You probably have at least one (albeit vague) memory of drinking on an empty stomach.
For more than one reason, Byrne says, drinking on an empty stomach is not a good idea.
“I do not recommend drinking on an empty stomach. “Alcohol can hit you more quickly, and that can be a problem,” he said. Specifically, according to the National Institute on Alcohol Abuse and Alcoholism, your body absorbs alcohol more quickly when you don’t have food in your stomach.
“Drinking while eating can help you from getting too drunk, and that’s a good thing,” says Byrne. “It can also help you drink less because you’re not just drinking, you’re eating too – there’s something else to do. And drinking less is a good thing.”
So, if you are having fun with friends, order some food too.
4. Don’t replace food with alcohol.
According to Brooks, although alcohol provides your body with calories, it does not provide necessary nutrients, such as protein, fiber, or fat.
“People tend to equate food quality with calories, which is actually dangerous, especially when it comes to alcohol. “Because if they only think about how many calories they consume, then they will replace food calories with alcohol calories and think that’s enough or that’s a healthy replacement,” said Brooks.
“But the truth is, nutrition is about getting what we need: protein, carbohydrates, fats, vitamins and minerals and water, and when we cut back on those things to maintain caloric balance, then there are nutritional risks,” he said. Your body doesn’t get the nutrients it needs if you replace food with satiating beer.
5. Be aware of what constitutes binge drinking.
Byrne said it’s important to know the official definition of binge drinking. The CDC says drinking five or more drinks in one sitting for men and four or more drinks for women is considered binge drinking.
“I think the number is smaller than many people think,” Byrne said.
Think about it: If you’ve ever been to a wedding where there’s a cocktail hour, dinner, dancing, and often an after-party, you know how easy it is to have four or five drinks during the celebration.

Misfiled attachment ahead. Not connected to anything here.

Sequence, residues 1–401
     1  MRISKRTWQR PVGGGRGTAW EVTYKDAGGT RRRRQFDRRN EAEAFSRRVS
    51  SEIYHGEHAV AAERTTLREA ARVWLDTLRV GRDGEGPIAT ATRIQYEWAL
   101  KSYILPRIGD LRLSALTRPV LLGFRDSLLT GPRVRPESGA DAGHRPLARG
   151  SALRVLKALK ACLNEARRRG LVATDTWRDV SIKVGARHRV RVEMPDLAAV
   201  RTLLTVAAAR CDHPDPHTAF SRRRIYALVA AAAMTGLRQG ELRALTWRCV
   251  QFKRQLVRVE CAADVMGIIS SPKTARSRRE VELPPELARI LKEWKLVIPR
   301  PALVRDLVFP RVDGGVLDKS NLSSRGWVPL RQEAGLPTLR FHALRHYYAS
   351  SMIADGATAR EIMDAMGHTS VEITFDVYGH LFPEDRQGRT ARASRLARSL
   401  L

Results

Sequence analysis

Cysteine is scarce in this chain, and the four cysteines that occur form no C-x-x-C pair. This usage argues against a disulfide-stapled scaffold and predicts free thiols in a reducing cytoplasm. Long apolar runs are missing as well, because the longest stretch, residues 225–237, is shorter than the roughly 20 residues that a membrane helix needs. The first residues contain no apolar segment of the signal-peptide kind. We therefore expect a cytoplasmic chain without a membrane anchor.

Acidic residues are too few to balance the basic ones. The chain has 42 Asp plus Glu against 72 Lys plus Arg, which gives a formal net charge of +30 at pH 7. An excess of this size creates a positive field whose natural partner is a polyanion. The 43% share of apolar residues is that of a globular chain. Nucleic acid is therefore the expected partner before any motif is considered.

“What you do with alcohol is completely up to you, and just because you drink more than is considered binge drinking on one occasion does not mean you have an alcohol addiction or an alcohol problem,” says Byrne. “I’d like to explain that too, but technically, that’s the definition of binge drinking.”
6. Pay close attention to the reasons you drink.
For those who do choose to drink, Brooks says it’s important to pay attention to three things:
Your drinking frequency and quantity: Use CDC guidelines to assess how much and how often you drink. Why you drink: “Ask yourself, what do I think this drink will do for me?” Brooks says, adding that if you use alcohol to relieve stress, unwind, or be more social, know that you can do without drinking alcohol. Is there anything else you can do or drink besides alcohol? “Because there are actually many ways that we can get the benefits that people think we get from drinking alcoholic beverages, we can get all of those benefits without drinking alcoholic beverages,” Brooks said.
“If you say, ‘I just need this drink because I just need to relax’… alcohol itself isn’t actually the thing that helps you relax. (What can give you that effect can be) sitting down, taking a break from what you’re doing or going to happy hour and talking to people, connecting with people, getting a change of scenery,” Brooks explained.
You can still relax without a glass of wine. You could color or shower with seltzer by your side instead of a glass of wine, or you could take a walk to enjoy the view after work, she adds.
“If someone believes that having a drink at the end of the day is their way to relax, then they automatically don’t think about other ways to decompress,” Brooks says.
Apart from thinking about your intentions for consuming alcohol, it is also important to look for the danger signs.
“If you think your drinking may be causing problems, ask yourself why you’re doing it,” says Byrne, “and if you’re doing it to avoid a certain feeling or numb a certain taste, then that’s something worth asking about and may be a reason for doing it . reassess your relationship with alcohol.”
In this case, it’s also a good idea to contact a therapist trained in substance use treatment who can support you, adds Byrne. The Psychology Today website can help you find a local mental health provider.
Additionally, Brooks notes that changing drinking habits is not easy. If you’re trying to do this, it’s a good idea to lean on loved ones who have a similar mindset.